Port Hope, Canada – 1813 And In 1826

DESCRIPTIONS of Port Hope as it appeared in 1813 and in 1826 have been handed down to the present day and, in placing them before the readers of this book, it was considered as probably the best mode of tracing the growth of the Town, if its aspect at various dates were portrayed consecutively. Already a glimpse of the primitive town has been afforded and now its appearance at two subsequent dates will be detailed.

To a traveller approaching Smith’s Creek from the Lake in the year 1813, the most prominent structure to attract his eye would be the Smith Homestead on the Point. The Point, it may be explained, is the piece of land abutting on the Lake at the foot of King Street and the Homestead stood about where the last house on the east side of the street now stands. The house, which was the first frame structure to be erected between Belleville and Toronto, was built by Peter Smith, the son of Elias Smith, in 1797. The building faced the west and, if all accounts are true, it was completely partitioned off into two portions. Its dimensions were about twenty-five feet by thirty feet and it possessed an upper story. Prior to its occupation by Elias Smith and his family in 1798 it was used as a store and school-house. Mr. Smith had sent up from Montreal a young man named Collins with a supply of goods and this same young man kept the first store and taught the first school in Port Hope. Besides being the earliest school-house and store in the Town, the old place may be said to have been the first farm-house in the Township of Hope.

The next buildings to meet the traveller’s gaze would he the grist and saw-mills, already mentioned as being built on the east side of the creek at the end of what is now Helm’s dam. Between these mills and the Smith house, on the Flats, was an ashery. On the west side of the dam were Paul Hayward’s clothing-works and a little to the north James Hawkin’s blacksmith shop. ” Uncle Jim,” as he was familiarly called, was the genius of the place, of whom more will be written later on. Suffice it to note that his shop contained the first trip-hammer in the province and was also supplied with bellows and grinding stone, enabling the clever mechanic to turn out everything from a needle to an anchor.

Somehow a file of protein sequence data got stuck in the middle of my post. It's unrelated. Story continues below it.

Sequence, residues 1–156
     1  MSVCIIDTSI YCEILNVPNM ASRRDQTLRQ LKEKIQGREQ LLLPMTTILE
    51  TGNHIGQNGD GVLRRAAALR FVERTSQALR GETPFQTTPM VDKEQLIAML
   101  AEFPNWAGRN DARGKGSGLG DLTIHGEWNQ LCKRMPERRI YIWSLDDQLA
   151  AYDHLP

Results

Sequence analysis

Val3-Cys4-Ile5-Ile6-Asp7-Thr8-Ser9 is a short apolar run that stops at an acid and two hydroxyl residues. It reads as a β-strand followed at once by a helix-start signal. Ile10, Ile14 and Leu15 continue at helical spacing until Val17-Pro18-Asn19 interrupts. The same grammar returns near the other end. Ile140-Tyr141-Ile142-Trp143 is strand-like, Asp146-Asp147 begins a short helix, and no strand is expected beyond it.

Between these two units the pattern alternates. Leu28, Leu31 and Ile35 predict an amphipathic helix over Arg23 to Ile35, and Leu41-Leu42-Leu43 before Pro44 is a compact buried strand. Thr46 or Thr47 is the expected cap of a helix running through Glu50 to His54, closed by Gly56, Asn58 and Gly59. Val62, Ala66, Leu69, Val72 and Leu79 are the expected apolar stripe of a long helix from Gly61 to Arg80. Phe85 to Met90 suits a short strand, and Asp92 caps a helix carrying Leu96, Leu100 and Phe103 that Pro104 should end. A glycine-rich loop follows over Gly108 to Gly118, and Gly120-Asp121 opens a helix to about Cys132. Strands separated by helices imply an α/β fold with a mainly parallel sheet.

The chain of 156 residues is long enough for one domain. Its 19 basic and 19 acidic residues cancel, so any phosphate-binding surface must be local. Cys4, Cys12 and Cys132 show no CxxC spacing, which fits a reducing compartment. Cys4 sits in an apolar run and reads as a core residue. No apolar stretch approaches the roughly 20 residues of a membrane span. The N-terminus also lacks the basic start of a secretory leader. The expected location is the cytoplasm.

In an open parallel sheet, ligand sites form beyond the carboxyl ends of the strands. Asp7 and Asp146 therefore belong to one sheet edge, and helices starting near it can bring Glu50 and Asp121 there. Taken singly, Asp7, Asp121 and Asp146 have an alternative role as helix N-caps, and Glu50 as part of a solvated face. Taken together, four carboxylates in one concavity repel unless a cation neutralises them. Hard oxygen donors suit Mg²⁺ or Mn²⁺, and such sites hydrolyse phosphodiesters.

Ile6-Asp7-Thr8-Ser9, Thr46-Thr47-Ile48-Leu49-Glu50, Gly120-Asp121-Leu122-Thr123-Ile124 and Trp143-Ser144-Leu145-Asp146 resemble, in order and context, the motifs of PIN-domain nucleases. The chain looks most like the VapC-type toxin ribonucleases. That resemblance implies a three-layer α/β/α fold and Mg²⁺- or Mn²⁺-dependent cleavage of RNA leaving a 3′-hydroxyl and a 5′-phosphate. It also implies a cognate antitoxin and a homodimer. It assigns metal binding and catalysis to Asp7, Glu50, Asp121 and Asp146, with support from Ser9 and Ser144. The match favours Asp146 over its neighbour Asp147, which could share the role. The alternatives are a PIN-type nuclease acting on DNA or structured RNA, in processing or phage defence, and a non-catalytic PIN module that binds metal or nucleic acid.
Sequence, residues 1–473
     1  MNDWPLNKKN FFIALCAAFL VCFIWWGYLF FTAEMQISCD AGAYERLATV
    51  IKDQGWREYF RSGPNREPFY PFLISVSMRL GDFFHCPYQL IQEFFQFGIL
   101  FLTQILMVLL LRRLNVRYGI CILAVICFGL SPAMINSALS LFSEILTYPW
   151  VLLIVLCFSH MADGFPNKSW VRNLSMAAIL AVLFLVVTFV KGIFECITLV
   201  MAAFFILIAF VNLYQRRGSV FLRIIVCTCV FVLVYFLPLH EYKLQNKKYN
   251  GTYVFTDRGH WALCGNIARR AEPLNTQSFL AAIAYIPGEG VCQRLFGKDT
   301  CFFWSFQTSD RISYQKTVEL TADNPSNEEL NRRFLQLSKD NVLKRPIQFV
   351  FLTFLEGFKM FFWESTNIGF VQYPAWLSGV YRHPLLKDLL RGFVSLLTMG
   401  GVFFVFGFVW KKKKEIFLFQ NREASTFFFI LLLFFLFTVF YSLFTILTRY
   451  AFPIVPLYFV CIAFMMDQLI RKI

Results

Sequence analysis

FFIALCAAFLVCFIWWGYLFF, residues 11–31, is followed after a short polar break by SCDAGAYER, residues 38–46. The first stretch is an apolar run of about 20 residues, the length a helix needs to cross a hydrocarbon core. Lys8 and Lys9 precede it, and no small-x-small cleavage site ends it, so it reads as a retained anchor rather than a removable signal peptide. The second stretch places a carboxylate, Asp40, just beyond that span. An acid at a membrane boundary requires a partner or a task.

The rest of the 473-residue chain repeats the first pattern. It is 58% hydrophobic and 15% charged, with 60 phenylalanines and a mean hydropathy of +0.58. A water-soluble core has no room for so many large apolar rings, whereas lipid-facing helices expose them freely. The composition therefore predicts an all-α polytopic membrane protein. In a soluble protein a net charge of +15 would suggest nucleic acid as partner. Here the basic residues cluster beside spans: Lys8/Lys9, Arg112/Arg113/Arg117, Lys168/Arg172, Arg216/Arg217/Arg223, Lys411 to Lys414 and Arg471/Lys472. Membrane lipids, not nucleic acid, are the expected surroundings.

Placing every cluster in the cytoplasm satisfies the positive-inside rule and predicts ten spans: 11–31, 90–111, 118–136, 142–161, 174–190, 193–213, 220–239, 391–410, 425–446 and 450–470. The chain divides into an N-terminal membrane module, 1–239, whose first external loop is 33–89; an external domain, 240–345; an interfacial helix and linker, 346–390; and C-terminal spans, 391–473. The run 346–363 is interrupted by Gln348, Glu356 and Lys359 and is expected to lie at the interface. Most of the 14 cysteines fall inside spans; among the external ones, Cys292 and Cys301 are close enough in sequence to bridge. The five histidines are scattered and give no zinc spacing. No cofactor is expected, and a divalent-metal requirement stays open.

Herchimere’s trading-post still occupied its old site, though no longer used for commercial purposes. On what is now Mill Street, Jeremiah Britton had a store and residence and, on top of the hill, in the neighborhood of Mr. Hoffman’s residence, stood ” Uncle Nick’s ” log-cabin. On the side of the hill at the foot of Walton Street rose the old timber malt-house, in the upper story of which dwelt Mr. Rufus Burr.

A rude bridge spanned the creek where now stands the Walton Street Bridge. A freshet had recently cut out a new channel to the eastward and another bridge had been thrown over it. A little to the south a verdant island divided the waters of the stream.

On the north side of Walton Street were two buildings, one of which was the Town Hall and the other the old log school-house opposite what is now the Queen’s Hotel. On the south side of the road at a point about the rear of the same hotel, stood the most aristocratic mansion of the place. This was a building eighteen feet by thirty-five and a story and a half in height, built by Mr. Joseph Caldwell in 1802 and subsequently kept by him as the first hotel in Smith’s Creek. In the rear of what is now Curtis’ grocery store, ” Uncle Jim ” had built the famous Red Tavern in 1803. He manufactured all the nails, door-hinges and latches required in its construction, erected the chimneys, plastered the walls and finally became the landlord.

These scattered buildings comprised the Village of Smith’s Creek in 1813. It is probable that there were other buildings but those enumerated, as being the most important, were probably all that the historian could recall.* To .them must be added the homes of the settlers in the neighborhood, who for all practical purposes formed a portion of the population.